Few bands have had such a great impact as The Beatles, Led Zeppelin, and The Rolling Stones, and only the later still exist to give us new records and tastes from the paste. That an album like ON AIR has been released is great evidence for the wisdom of experience and the power held within discipline. This band would go on to create some of the most fantastic rock and roll tracks, but their love for blues and technical skill is apparent throughout this record.

theories Summarized

I hope it’s obvious by now that you should pick up a copy of this record for yourself. Whether you are a long-time Stones fan or merely a lover of history, ON AIR will both round out your music collection and teach you something about quality musicianship. It’s just a little theory I have.

Tim!

timotheories 30 (Adele, 25 review)

I bought the third studio album by English singer/songwriter Adele at 30 years old. This post is titled as such because it is a reflection of the time of my life and frame of mind I was in when I wrote this post.

The post contains content which features some of my humour and musings, my thoughts on Adele and her record, and the occasional pop culture reference.

So I guess I’ll start of by saying “hello, can you hear me?” No? Can you hear me now?

heres-what-the-can-you-hear-me-now-guy-is-doing-today

 

 

 

Adele – 25
released November 20, 2015
********** 10/10

adele-25-cover

After she released her second studio album 21, Adele took something of a break from music. That break ended up being five years long. This is because while Adele had initially planned on using the hiatus to spend time with her son, when she did get back to work she wasn’t happy with the studio sessions and rescheduled several times before she finally found the material she needed to make something she was proud of. This happened in 2013, so it follows, that as per Adele’s previous two efforts, the album is dubbed 25. The content is thematic.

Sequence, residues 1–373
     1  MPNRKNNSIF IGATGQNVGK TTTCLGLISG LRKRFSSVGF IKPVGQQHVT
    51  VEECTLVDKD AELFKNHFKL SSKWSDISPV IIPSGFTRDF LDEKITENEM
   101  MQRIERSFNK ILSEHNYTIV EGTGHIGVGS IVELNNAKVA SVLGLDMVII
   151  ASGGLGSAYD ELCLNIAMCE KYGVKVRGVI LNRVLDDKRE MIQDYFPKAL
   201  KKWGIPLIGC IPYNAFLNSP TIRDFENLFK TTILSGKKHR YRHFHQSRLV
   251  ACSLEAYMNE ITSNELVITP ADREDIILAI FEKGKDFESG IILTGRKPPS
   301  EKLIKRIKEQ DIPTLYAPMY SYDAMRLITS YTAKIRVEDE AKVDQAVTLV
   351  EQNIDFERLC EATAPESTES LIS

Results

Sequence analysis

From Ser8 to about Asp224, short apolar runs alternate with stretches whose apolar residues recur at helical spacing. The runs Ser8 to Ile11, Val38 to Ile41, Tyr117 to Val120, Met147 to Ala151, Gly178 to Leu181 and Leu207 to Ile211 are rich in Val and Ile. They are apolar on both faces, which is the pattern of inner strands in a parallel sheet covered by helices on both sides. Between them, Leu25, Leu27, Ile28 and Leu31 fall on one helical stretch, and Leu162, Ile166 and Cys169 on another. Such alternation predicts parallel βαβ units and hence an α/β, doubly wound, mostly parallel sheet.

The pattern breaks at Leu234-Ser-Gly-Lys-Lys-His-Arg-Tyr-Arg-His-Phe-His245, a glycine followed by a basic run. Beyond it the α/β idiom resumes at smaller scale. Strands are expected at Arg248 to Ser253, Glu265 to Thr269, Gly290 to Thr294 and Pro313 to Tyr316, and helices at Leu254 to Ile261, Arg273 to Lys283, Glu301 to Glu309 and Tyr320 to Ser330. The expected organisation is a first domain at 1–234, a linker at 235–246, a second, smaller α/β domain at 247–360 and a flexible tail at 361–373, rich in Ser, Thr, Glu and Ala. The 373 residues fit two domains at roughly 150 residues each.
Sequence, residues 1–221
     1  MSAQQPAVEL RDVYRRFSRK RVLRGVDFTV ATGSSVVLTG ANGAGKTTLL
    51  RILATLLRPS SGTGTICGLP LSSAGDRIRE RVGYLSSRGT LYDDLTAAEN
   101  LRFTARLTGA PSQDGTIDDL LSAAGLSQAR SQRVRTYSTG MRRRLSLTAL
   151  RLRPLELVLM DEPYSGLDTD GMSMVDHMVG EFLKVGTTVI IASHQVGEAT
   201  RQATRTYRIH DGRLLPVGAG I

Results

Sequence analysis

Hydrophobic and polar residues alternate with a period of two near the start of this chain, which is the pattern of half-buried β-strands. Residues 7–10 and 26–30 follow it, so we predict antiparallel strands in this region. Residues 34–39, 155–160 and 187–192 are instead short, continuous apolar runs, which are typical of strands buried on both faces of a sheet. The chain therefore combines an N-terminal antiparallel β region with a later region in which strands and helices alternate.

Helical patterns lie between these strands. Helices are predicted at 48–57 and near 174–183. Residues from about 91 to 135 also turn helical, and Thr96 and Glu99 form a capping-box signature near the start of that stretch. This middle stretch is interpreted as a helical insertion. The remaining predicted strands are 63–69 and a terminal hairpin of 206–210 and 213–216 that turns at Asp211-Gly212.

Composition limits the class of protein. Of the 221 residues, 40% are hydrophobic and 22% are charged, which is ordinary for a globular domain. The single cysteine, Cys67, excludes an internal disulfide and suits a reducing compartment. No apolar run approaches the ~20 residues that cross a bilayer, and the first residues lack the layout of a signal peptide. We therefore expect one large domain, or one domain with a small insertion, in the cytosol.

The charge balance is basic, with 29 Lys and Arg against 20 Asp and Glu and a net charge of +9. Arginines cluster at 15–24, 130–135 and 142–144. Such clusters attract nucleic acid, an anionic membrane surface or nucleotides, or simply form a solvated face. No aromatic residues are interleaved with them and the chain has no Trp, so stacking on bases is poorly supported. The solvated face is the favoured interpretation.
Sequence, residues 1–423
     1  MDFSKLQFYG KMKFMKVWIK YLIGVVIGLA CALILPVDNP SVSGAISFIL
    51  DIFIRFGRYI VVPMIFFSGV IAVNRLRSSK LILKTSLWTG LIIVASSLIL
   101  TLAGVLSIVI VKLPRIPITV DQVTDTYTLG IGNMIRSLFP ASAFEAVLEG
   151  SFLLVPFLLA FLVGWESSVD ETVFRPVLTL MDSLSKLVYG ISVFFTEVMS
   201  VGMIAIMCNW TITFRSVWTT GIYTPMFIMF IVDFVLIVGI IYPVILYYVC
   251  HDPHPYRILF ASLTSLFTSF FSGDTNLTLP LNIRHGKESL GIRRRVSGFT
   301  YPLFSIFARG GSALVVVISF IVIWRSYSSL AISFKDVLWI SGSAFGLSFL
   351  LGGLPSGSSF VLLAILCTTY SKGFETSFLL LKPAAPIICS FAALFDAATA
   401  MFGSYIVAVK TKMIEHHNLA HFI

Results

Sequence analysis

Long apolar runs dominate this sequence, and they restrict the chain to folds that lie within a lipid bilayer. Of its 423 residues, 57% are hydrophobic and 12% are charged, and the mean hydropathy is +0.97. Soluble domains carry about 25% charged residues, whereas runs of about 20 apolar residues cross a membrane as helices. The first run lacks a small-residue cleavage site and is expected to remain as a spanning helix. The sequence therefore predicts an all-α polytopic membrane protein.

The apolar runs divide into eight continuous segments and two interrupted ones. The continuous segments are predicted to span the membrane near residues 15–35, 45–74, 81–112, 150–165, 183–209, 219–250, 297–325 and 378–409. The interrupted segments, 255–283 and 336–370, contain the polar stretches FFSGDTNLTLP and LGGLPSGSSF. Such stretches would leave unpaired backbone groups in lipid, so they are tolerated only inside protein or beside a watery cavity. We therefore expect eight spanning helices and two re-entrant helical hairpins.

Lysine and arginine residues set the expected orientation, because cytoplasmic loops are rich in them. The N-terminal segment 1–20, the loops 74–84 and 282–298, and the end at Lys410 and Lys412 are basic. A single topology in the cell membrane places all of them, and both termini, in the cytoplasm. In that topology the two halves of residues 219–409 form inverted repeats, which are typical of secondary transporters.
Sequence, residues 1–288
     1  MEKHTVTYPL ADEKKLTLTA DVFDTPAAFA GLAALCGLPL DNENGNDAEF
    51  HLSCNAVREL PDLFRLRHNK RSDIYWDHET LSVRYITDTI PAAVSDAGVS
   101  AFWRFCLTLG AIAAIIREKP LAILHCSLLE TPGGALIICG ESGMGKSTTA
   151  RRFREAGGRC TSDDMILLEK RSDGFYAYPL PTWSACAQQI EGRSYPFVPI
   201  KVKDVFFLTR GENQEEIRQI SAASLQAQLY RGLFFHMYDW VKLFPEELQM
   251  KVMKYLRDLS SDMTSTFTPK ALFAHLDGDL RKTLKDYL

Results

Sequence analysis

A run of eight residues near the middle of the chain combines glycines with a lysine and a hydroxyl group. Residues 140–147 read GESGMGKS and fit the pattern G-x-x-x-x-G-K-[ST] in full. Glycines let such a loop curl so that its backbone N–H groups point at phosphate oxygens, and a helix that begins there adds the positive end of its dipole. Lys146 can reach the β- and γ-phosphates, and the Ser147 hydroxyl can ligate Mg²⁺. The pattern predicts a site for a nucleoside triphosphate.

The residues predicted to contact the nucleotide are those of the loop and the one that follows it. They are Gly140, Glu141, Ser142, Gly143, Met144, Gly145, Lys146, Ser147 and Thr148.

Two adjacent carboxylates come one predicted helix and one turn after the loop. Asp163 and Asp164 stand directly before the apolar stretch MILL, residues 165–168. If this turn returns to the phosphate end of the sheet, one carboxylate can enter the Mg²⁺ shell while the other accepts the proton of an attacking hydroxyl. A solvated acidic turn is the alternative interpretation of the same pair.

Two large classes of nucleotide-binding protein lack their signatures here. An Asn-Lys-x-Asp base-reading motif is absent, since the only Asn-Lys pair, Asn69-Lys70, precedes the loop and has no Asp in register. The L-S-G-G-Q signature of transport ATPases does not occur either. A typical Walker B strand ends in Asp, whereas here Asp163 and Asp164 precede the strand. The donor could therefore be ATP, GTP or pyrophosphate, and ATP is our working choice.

The album is incredibly focused, which is something we’ve come to expect from the singer at this point. She has become the queen of melancholy, and owns it rather vigorously.

The themes presented in the album can’t be said any better than by Adele herself.

My last record was a breakup record, and if I had to label this one I’d call it a make-up record. I’m making up with myself. Making up for lost time. Making up for everything I ever did and never did. But I haven’t got time to hold on to the crumbs of my past like I used to. What’s done is done. Turning 25 was a turning point for me, slap-bang in the middle of my 20s. Teetering on the edge of being an old adolescent and a fully fledged adult, I made the decision to go into becoming who I’m going to be forever without a removal van full of my old junk.

I read that statement and knew exactly what she meant. Having gone through my mid-twenties already and on the cusp of a new decade of life, not wanting to regret anything, but wise enough, humbled and  imbued with experience from my 20s, her heartache resonates with me on a very personal level.

I read a review on vox.com before sitting down to write this one, and in it, the author said that “By the time I finished listening to 25, Adele’s first new album in almost five years, I’d completely forgotten that I’d been listening to it.” I originally thought she was going to pull the old bait and switch and demonstrate that Adele’s theme is so therapeutic, you forget about it afterwards, which would have been clever.

I disagree and believe that Adele WAS being clever.